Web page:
Friday’s result was a timely wake-up call for the rather high flying Indians. Successive wins can give a side an illusion of invincibility and can lead to over confidence. Despite the victories and the current No 2 ranking this Indian team has weaknesses and the defeat to Australia will show them up as a good side and nothing more.
For some time there were rumbles that the middle order is not settled. Suddenly it is the top order which is the subject of much concern. It is difficult to win any match when a side is 27 for three especially when the target required is a stiff 314. And gallantly as Virat Kohli and others performed truth be told the Indians were always going to fall short.
The match also did little to boost the chances of Kedar Jadhav as he tries to stake his claim for inclusion in the World Cup squad. He did come up with a cameo with the bat but was harshly treated while bowling. Jadhav in fact was badly exposed and certainly the kind of tripe he sends down is not what the Indian team requires in the World Cup. With Vijay Shankar and Hardik Pandya now almost certainties to make the cut there could be place for one more utility player but that is not Jadhav.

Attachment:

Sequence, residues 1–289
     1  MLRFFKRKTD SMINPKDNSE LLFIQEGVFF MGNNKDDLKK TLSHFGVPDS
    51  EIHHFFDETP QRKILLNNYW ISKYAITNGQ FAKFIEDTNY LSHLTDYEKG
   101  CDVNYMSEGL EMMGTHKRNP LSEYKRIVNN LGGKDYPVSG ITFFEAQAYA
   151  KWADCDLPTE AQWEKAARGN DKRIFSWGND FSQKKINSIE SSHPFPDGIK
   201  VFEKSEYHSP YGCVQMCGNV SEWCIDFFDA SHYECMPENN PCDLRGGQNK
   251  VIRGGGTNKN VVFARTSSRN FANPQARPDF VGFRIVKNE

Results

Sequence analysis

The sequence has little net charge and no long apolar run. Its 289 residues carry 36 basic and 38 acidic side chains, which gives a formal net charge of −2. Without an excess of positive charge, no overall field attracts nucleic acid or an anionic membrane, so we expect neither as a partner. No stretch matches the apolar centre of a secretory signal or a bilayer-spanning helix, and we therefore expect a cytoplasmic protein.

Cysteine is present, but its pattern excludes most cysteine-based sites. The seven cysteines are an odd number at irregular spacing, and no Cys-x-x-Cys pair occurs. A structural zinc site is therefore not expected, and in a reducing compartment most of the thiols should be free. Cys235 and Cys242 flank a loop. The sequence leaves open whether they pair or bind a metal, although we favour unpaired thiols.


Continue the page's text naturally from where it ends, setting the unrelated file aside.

One is also concerned about Kuldeep Yadav’s form. He picked up three wickets but at a cost and the danger is that opposing batsmen are able to read him better. A chinaman bowler like him is a precious talent and perhaps he should not be played again before the World Cup.
It is a pity that a regal innings by Kohli for once had to be in a losing cause. The Indian captain is in a league of his own and the manner he is batting of late the Australians can well paraphrase something that Bjorn Borg’s opponents said in the 70s when the legendary Swede was at his peak. “We play tennis, he plays something else.’’ Kohli’s opponents could well be saying about the Indian captain that while they play cricket, he is playing something else.